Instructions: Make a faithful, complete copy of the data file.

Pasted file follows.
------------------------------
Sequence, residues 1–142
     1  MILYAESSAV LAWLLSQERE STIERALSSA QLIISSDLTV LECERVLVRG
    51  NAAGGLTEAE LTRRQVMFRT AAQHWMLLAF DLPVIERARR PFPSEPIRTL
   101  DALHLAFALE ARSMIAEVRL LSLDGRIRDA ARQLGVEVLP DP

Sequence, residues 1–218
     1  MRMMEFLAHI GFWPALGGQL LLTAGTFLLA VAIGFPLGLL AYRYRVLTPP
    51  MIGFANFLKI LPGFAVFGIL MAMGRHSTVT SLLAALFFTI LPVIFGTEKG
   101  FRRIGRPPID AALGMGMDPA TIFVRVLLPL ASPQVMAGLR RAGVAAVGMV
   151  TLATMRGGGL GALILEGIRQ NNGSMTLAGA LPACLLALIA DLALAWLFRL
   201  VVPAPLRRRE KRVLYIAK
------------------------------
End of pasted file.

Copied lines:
Sequence, residues 1–142
     1  MILYAESSAV LAWLLSQERE STIERALSSA QLIISSDLTV LECERVLVRG
    51  NAAGGLTEAE LTRRQVMFRT AAQHWMLLAF DLPVIERARR PFPSEPIRTL
   101  DALHLAFALE ARSMIAEVRL LSLDGRIRDA ARQLGVEVLP DP

Sequence, residues 1–218
     1  MRMMEFLAHI GFWPALGGQL LLTAGTFLLA VAIGFPLGLL AYRYRVLTPP
    51  MIGFANFLKI LPGFAVFGIL MAMGRHSTVT SLLAALFFTI LPVIFGTEKG
   101  FRRIGRPPID AALGMGMDPA TIFVRVLLPL ASPQVMAGLR RAGVAAVGMV
   151  TLATMRGGGL GALILEGIRQ NNGSMTLAGA LPACLLALIA DLALAWLFRL
   201  VVPAPLRRRE KRVLYIAK